Facing the future with confidence

Jagath Munasinghe

Today, no argument, that we town planners are adequately equipped with a whole gamut of knowledge, a vast field of technological, computing, and communicative skills, and some level of social recognition that we can be proud about. Yet, what will be our likely plight tomorrow, if we keep on going as a profession that boasts today more of the pedigree and conventional, rather than looking for a better fertile breed for tomorrow; good at finding reasons for inaction, rather than being humble to revisit our own ‘incompetence’; compromise collective benefit for personal gains, rather than making fearless efforts to change the ‘incorrect’ and ‘injustice’ for a more reasonable future for the next generation; and proud of pointing at the ‘impossible’, rather than imagining the ‘possibilities’ that will make a better world tomorrow. It reminds us of Albert Einstein, who famously said that ‘knowledge is important, but imagination is more important. Imagination sharpens knowledge when a person is humble and not too proud and boast about his knowledge.

As it was scripted by Sir Arthur C Clerk as early as the 1960s in his famous ‘Profiles of the Future’, “With a few exceptions, scientists seem to make rather poor prophets, this is rather surprising, for imagination is one of the first requirements of a good scientist”.  We can be fair to replace ‘scientists’ herein with ‘professionals’, be they Town Planners or otherwise. What we imagine of the future can be seen by many as impossible, impassable, and impractical, but the future will make more possibilities than what we imagine today, and mostly consisted of what we failed to imagine. Our failure to imagine yesterday, eighter because of our inherent weakness, said above, or because of the hesitance indoctrinated by authoritative culture, have both led to many opportunities to slip through our hands, which otherwise could grab them for a better future for all, and brought many misfortunes under our feet, which otherwise could stand away from them, saving lives and resources.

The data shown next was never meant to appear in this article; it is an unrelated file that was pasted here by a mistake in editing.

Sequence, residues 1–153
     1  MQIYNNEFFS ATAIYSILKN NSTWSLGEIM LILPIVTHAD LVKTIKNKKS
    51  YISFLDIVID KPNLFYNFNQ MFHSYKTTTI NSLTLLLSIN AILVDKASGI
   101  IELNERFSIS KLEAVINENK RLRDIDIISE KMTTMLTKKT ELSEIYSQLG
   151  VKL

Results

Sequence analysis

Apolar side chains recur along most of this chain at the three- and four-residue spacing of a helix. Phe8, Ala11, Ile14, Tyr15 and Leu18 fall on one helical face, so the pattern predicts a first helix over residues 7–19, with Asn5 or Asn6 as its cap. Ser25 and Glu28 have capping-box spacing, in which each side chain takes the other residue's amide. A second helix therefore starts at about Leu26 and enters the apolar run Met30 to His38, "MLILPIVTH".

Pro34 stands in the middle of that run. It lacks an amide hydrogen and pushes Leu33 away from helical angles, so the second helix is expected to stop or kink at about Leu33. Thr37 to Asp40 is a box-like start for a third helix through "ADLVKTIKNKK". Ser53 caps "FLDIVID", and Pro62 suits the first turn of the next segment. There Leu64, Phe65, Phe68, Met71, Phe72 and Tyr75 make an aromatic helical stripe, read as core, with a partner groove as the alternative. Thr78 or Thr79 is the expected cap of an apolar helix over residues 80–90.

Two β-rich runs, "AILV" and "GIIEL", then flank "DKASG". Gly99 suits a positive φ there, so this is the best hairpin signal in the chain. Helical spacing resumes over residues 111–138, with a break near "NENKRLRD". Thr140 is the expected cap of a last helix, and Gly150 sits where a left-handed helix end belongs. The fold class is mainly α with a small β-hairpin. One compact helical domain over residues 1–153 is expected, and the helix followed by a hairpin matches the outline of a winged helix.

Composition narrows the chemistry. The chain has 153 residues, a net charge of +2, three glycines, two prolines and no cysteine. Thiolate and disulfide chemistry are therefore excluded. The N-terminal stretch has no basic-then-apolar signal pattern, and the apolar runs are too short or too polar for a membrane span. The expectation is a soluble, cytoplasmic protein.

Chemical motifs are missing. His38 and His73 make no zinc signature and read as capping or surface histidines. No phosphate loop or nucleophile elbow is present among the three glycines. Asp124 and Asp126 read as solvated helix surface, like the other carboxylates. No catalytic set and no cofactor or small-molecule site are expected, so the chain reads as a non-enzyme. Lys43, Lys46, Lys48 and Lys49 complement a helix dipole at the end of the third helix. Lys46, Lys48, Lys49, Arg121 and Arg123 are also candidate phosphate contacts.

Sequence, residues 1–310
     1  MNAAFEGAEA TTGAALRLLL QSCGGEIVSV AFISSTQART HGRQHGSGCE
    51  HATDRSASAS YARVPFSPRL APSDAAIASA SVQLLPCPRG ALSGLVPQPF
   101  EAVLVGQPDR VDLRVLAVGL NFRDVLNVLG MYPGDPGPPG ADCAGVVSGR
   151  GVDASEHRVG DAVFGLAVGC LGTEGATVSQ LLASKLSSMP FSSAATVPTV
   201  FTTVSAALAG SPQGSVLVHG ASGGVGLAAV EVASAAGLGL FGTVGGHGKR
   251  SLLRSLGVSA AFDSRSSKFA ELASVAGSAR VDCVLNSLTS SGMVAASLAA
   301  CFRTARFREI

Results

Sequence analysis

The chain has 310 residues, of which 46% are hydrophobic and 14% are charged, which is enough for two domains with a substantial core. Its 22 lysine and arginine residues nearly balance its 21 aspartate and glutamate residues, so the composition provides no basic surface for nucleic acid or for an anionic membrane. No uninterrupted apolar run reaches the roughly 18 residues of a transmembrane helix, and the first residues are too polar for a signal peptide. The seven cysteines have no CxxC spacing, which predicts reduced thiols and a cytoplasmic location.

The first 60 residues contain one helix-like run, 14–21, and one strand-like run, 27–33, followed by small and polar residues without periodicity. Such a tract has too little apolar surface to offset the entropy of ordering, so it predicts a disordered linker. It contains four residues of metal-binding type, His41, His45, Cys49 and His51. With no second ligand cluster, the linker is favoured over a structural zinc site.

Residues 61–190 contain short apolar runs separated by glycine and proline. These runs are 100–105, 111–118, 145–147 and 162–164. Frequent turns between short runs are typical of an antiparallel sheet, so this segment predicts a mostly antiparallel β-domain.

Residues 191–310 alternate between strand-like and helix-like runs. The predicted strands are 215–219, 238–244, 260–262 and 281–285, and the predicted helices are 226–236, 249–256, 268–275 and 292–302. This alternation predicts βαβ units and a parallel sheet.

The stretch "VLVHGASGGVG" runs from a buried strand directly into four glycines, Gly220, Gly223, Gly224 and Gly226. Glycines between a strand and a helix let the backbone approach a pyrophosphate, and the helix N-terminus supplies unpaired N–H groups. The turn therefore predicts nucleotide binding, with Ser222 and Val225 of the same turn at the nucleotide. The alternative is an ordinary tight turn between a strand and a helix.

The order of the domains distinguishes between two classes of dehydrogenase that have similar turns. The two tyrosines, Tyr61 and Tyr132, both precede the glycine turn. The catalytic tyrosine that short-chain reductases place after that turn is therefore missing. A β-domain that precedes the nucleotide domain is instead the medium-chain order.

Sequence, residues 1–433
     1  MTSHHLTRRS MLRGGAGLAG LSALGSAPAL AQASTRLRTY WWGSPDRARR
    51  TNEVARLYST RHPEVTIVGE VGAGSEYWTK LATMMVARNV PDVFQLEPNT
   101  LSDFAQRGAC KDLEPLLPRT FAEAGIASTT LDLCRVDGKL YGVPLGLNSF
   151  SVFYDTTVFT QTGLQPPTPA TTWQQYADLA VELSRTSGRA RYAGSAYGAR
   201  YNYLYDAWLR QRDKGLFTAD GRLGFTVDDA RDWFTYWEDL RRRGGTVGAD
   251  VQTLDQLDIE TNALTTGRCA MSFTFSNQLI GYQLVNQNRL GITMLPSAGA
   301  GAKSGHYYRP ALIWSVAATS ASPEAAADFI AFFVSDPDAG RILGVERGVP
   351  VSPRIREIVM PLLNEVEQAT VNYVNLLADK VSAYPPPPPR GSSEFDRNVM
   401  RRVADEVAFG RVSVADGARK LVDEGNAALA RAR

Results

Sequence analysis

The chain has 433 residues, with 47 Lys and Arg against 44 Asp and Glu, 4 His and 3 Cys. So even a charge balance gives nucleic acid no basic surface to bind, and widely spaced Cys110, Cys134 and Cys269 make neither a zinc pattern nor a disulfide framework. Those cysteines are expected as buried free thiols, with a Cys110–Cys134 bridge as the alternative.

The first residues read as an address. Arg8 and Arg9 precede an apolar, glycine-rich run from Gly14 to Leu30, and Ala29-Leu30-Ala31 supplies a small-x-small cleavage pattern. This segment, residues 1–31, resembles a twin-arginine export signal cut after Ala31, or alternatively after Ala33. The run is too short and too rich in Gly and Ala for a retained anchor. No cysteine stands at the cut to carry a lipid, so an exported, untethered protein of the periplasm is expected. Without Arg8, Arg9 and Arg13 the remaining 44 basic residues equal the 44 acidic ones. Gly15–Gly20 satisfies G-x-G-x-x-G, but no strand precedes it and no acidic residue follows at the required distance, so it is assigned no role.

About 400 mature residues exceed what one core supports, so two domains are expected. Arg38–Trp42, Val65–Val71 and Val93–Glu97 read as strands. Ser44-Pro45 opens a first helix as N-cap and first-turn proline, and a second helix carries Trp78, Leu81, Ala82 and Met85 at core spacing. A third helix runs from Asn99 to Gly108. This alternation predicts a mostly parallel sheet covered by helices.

Thus, it is time to rethink, especially to the upcoming young planners, either to go ahead with business as usual and fade away with the inevitable forces of change or be imaginative and thrive as an ever-young, path-breaking, socially responsible professionals to face the future with confidence.

ITPSL